B. Claims against Lowndes County, Georgia

The motion to dismiss is also granted with respect to Lowndes County. Plaintiff has filed claims against the county under both Title VII and § 1983. Title VII authorizes a cause of action against an employer for sex discrimination. 42 U.S.C. § 2000e-2(a); Busby v. City of Orlando , 931 F.2d 764, 772 (11th Cir. 1991). However, the law is well established that in Georgia the sheriff, not the county, employs the sheriff's deputies. See generally Manders v. Lee , 338 F.3d 1304, 1311 (11th Cir. 2003); Teasley v. Freeman , 305 Ga.App. 1, 3-4, 699 S.E.2d 39 (2010). In Georgia, "[s]heriffs alone hire and fire their deputies, " for a sheriff's office is an independent entity from the county. Manders , 338 F.3d at 1310-11. Thus, the Title VII claim against Lowndes County must be dismissed.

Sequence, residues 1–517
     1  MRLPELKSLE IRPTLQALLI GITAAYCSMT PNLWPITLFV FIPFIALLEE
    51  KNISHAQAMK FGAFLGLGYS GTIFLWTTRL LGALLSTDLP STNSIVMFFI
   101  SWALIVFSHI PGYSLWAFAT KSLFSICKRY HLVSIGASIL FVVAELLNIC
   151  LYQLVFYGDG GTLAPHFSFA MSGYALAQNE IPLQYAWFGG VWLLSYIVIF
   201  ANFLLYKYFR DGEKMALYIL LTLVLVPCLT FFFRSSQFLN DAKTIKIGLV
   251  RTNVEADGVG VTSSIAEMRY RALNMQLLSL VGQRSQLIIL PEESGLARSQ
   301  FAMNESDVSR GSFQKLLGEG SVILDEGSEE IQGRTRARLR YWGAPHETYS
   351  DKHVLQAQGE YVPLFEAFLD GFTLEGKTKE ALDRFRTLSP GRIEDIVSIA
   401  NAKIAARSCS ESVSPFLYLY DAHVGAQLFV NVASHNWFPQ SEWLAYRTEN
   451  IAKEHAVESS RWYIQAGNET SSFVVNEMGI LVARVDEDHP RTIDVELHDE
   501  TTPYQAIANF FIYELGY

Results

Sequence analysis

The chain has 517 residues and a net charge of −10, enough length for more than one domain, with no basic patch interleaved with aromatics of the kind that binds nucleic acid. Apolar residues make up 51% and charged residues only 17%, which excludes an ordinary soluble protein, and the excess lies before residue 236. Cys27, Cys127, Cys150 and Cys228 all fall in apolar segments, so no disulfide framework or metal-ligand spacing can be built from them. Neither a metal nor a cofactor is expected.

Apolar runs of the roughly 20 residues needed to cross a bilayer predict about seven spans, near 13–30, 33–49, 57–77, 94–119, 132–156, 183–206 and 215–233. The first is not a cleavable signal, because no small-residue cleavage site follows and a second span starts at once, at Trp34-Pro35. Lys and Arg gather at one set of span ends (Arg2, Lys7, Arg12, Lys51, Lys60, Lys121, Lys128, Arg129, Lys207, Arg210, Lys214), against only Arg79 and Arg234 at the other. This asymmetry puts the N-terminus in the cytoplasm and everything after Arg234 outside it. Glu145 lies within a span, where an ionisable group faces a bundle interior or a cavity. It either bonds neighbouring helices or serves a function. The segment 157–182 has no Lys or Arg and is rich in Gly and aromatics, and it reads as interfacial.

Plaintiff's § 1983 claim must likewise be dismissed. The Eleventh Circuit has generally "rejected the notion that a Georgia county can be liable under § 1983 for the actions of members of a sheriff's office, finding that, pursuant to the Georgia Constitution, a sheriff's office is independent from the county in which it operates." Townsend v. Coffee Cnty., Ga. , 854 F.Supp.2d 1345, 1350 (S.D. Ga. 2011) (citing Grech v. Clayton County , 335 F.3d 1326, 1332, 1335 (11th Cir. 2003)). Given the strict limitations of municipal liability under § 1983, a local government entity such as a county will be held responsible only when the county's "official policy" causes a constitutional violation. Monell v. Dep't of Soc. Servs. , 436 U.S. 658, 694, 98 S.Ct. 2015, 56 ...